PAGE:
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Here’s how much time Charlotte drivers waste in traffic. (It’s worse than we thought.)

NC Transportation Study

A new study of NC transportation issues found that the Charlotte area has the worst ingestion in the state.
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A new study of NC transportation issues found that the Charlotte area has the worst ingestion in the state.

A new study has an answer for all those drivers who think the Charlotte area’s traffic and road conditions are the absolute worst in the state: You’re right.

The 27-page report released Thursday by TRIP, a nonprofit transportation research group based in Washington, D.C., highlighted transportation troubles in the region and statewide and pushed for more funding to help fix those problems.

For instance, no drivers in the state waste more time in traffic than the ones in the Charlotte area, who lose 40 hours a year due to congestion.

That adds up to a collective 13.8 million gallons of fuel wasted a year, the report stated. With some local gas stations charging $2.19 a gallon now, it’s the equivalent of wasting more than $30 million a year.

40 Annual hours lost due to congestion in the Charlotte area

31 Annual hours lost in Raleigh-Durham

26 Annual hours lost in the Asheville area

25 Annual hours lost in The Triad

20 Annual hours lost in the Wilmington area

The next closest area to Charlotte for traffic headaches was Raleigh-Durham, where drives lost 31 hours a year, the report stated.

As for major roads in the Charlotte area, 49 percent are either in poor or mediocre condition, also worst in the state.

The report concludes that “significant challenges still remain in providing a safe, smooth and efficient network of roads, highways and bridges in North Carolina.”

The N.C. Department of Transportation received $53 billion in project requests from state and regional transportation groups for inclusion in the the 2018-2027 State Transportation Improvement Program, according to TRIP, but only had funding available to include $9 billion.

“With an already large transportation funding shortfall, North Carolina is poised to see increasingly deteriorated and congested roads in the future,” TRIP Executive Director Will Wilkins said in a statement. “Additional transportation funding will allow the state to move forward with dozens of needed projects....”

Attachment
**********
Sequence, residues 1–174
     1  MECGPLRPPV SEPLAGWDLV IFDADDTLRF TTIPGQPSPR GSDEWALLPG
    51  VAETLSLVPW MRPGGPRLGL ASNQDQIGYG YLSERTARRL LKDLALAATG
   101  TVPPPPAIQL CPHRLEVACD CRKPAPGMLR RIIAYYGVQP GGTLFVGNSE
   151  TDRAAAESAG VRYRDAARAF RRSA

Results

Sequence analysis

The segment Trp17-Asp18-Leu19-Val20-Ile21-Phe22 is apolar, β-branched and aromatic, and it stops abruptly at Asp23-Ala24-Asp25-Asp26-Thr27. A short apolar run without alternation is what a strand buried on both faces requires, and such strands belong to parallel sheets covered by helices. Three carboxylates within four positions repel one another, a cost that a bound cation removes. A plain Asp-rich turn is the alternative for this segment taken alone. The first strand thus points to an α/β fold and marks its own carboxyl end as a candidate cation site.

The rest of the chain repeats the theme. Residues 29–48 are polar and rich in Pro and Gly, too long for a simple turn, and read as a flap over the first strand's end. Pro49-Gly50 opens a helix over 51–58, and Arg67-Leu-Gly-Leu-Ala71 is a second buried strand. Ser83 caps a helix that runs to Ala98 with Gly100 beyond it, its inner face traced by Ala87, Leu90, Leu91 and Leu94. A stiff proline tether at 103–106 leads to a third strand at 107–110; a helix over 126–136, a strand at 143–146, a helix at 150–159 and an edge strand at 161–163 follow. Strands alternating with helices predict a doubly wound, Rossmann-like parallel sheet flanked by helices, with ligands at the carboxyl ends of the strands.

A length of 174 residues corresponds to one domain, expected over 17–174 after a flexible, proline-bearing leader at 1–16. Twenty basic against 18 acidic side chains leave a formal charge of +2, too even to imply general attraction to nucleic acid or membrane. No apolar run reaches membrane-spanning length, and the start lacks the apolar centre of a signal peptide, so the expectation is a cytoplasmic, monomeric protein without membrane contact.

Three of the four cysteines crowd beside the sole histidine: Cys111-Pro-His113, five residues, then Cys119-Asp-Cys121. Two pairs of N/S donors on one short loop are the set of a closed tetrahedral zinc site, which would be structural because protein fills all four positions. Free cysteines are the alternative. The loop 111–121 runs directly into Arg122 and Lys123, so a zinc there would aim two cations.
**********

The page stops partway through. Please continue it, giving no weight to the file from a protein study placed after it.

During a news conference Thursday afternoon at the Charlotte Chamber, report co-author Carolyn Bonifas Kelly spoke about the transportation funding shortfall. “As a result, drivers... are spending more time staring at the brake lights ahead of them rather than getting to their destination.”

Kelly
TRIP study co-author Carolyn Bonifas Kelly Adam Bell abell@charlotteobserver.com

TRIP hopes the report will serve as an impetus for additional funding discussions.

As chamber President Bob Morgan put it, North Carolina needs to “invest comprehensively in a transportation infrastructure of all modes,” which includes toll roads.

Other highlights in the report include:

▪ 4 percent of the bridges in the Charlotte area are structurally deficient, which is actually the lowest rate among the state’s regions.

▪ From 2013 to 2015, the Charlotte area averaged 68 traffic fatalities a year. The Triad had the highest average, with 138 a year.

▪ Vehicle miles traveled in North Carolina increased by 29 percent from 2000 to last year, the ninth highest rate in the nation.

▪ Every $1 of deferred maintenance on roads and bridges costs an additional $4 to $5 in needed future repairs.

▪ And while N.C. DOT is spending $1.3 billion annually on road, highway and bridge repairs, it should be spending $1.6 billion to $1.9 billion on that work.

Adam Bell: 704-358-5696, @abell

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